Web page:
For me, ColorSchemer is crack. It’s loaded with lots more features such as the interactive layout preview where you can drop swatches onto heading and type and boxes to see what they will look like, LiveSchemes, ColorMixer, Contrast Analyzer, the Randomizer, Make WebSafe function, the built-in ScreenPicker that allows you to select a colour straight from your screen, variations and not to mention the ability to flip between RGB and CMYK! Like I said, far and away…

Look! This is ColorSchemer allowing me to select more than 10 hues! I started with the 10 it selects from the image and then after modifying some of the hues, added them manually. There are 15 colours here! I can add or delete them as I see fit. I can import all of them into whatever I’m working on and try out each one before I keep or delete it. That’s the kind of flexibility I love in software. Because it’s standalone, I can do this anywhere without going on the net. To be clear, these colours do not follow any harmonic rule, they are simply sampled from the image, but each colour can be saved and then a harmonic rule can be applied to them later to build a set of harmonic swatches.

Another great feature is it’s connection to It’s an entire web community of people who love colour. ColorSchemer allows you to connect to their website and download or your harmonic creations. You can also join their forums and just yak your heart out about colour, and who wouldn’t want to do that? Everyone has a viewpoint about colour. The community over at COLOURlovers is huge. It’s about fashion, design, web, print, home, patterns, swatches, and palettes… all to do with colour. They even have a great section on colour trends. It’s life, living with colour! What amazes me about this site is the scope of people that go there. Just like life!

Because life is colourful

The Characteristics of Colour

When people (artists and designers) refer to colour, they use several attributes of colour, terms that are used to define certain characteristics. These attributes can be credited to Albert Munsell (1858-1918) who first used them in his book A Color Notation,” published in 1905 which is still in print today.

In 1917, Munsell founded the Munsell Color Company. His colour-order system is known as CIE which is an abbreviation of International Commission on Illumination (Commission Internationale de L’Eclairage) located in Vienna, Austria. This system of colour is the same system that is used in most graphic applications and colour monitors.

These attributes are listed here.

Hue is the name of the colour family to which a colour belongs. A red-orange which would have more red than orange, would belong to the family of reds, and so its hue would be considered red.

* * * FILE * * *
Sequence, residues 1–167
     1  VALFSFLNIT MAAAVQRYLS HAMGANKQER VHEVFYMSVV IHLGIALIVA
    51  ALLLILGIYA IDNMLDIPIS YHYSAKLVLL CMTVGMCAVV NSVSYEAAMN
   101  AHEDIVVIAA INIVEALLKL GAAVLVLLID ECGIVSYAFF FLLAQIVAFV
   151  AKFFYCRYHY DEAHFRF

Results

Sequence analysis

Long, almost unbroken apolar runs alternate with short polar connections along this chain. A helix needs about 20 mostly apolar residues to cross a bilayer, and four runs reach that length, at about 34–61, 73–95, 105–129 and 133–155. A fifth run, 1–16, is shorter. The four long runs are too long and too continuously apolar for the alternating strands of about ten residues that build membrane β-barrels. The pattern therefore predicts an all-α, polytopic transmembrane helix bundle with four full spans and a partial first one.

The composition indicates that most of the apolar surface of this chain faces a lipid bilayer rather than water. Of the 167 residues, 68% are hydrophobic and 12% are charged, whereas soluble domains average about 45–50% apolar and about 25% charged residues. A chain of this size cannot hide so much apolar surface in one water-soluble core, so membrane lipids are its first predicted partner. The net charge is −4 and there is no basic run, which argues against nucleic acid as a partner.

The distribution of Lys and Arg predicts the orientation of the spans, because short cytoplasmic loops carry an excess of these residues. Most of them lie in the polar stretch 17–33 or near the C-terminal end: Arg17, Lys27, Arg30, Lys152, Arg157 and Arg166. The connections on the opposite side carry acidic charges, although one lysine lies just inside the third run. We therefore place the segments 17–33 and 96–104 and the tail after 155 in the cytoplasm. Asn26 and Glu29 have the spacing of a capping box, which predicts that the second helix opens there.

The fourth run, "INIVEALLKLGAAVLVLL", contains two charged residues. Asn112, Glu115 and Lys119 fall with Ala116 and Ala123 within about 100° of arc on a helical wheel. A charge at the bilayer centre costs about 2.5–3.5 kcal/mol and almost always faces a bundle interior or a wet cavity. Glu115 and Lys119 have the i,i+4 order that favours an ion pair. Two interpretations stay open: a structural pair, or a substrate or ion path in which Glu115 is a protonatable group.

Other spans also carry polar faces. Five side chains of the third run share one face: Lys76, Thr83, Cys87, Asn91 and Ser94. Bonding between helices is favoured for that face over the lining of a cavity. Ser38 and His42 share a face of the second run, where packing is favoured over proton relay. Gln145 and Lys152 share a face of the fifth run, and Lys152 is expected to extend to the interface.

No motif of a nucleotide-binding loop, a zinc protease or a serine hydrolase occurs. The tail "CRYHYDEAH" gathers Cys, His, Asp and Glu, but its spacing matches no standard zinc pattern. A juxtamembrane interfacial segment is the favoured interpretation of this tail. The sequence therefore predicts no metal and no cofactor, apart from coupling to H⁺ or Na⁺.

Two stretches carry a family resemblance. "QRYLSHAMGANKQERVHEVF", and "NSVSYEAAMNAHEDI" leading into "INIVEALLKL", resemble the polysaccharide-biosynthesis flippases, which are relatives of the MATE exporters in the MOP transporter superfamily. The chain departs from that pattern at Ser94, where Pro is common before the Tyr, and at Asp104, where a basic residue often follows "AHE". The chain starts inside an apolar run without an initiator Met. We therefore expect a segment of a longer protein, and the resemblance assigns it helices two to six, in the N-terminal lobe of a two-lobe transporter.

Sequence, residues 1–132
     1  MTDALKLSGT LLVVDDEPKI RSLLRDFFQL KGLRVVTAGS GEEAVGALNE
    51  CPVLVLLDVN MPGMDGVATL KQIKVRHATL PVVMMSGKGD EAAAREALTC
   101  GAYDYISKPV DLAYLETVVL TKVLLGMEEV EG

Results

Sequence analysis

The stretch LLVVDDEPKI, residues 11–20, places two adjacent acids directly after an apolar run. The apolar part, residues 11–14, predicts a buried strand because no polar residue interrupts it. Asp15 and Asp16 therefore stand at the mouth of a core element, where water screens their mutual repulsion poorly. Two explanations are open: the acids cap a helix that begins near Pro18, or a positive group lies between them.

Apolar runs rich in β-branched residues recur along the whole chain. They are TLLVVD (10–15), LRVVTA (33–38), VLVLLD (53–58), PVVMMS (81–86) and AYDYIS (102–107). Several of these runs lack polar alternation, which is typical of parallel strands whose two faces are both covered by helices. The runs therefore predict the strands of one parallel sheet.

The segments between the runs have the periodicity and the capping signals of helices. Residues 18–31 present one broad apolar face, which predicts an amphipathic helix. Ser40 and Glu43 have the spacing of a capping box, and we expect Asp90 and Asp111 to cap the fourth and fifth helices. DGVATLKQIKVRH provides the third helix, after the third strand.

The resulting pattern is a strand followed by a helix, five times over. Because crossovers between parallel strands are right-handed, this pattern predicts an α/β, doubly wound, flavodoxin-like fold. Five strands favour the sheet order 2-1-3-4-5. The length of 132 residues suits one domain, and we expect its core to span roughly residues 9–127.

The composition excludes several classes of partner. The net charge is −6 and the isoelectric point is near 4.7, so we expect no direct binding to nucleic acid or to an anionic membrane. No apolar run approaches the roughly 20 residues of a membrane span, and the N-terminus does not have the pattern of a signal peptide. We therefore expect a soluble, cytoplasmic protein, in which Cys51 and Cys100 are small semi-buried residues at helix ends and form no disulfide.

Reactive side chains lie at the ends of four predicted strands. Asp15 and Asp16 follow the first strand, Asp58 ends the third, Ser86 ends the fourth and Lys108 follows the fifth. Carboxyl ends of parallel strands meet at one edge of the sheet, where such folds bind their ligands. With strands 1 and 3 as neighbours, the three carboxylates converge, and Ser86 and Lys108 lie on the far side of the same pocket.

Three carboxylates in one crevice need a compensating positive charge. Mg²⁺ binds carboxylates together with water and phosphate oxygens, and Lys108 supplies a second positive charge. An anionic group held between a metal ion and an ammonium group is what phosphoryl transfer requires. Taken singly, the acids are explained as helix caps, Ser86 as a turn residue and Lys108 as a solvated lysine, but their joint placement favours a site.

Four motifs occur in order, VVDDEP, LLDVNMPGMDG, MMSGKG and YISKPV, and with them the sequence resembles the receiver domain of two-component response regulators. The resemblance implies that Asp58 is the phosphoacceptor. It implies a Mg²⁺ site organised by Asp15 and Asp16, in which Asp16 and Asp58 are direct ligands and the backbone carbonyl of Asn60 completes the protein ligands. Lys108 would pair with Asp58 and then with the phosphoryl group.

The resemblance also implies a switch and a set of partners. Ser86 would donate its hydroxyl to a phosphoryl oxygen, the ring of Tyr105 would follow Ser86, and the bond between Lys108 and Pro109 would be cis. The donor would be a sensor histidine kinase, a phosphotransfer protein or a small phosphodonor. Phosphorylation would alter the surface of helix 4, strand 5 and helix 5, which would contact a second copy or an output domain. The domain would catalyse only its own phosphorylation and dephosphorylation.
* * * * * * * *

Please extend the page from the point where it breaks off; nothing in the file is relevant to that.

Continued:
A word about colour gamuts: Gamuts refer to any device or software that can generate colour. A gamut is the range of colours that they see or produce. Your eyes see in RGB as do most devices, such as camcorders, video, television and your computer monitor. People who work in print, work in the CMYK gamut (Cyan-Magenta-Yellow-Black), which is named for each of the colour plates that are used in printing. The CMYK colour gamut is contained within the RGB gamut. This means that all CMYK colours can be made in the RGB gamut, but not all RGB colours can be made in the CMYK gamut. This is also why your computer monitor can display CMYK colours without the aide of software or hardware. For people who work in colour, it’s important to realize that some of the more brilliant and intense colours available in RGB, cannot be created in things like paint or print. People who work on the web, on the other hand, work in RGB and have the full RGB colour gamut at their disposal. Anyone who has converted  colours (or re-assigned colour profiles), can attest to the fact that the first thing that changes is the intensity and brilliance of RGB colours to CMYK. Those colours are converted to their closest match within the CMYK gamut.

A value of a colour is how dark or light a colour is. The value of any colour can be altered by adding white, creating a tint (which raises the value), or black, which creates a shade (which lowers the value).

Chroma refers to a colour’s purity. The stronger or brighter a colour is, the higher its chroma. The weaker or more mixed a colour is, the lower is it’s chroma. You can alter the chroma of a colour by adding white, grey, another colour or black. Chroma is also called saturation.

There are also 7 characteristics of colour that can affect any colour composition. These are listed below:

Colour has the ability to advance toward a viewer or appear to recede away. The rule of thumb has been that warm colours advance and cool colours recede. Think of it this way… warm colours as in those in sunlight and the blues in your background that create depth.


Colour temperature is strongly linked to colour depth. The same rules apply here. Warm colours appear to have a radiant heat and cool colours appear to generate a coolness.

Here’s the controversy regarding warm and cool colours: Many people can’t make up their minds which colours should be considered warm or cool. This is an argument that’s been raging for centuries. Some people quite simply, split the colour wheel in half into warm and cool. Others apply a general rule of any colour that contains red, is considered warm. Personally, I don’t believe any of this.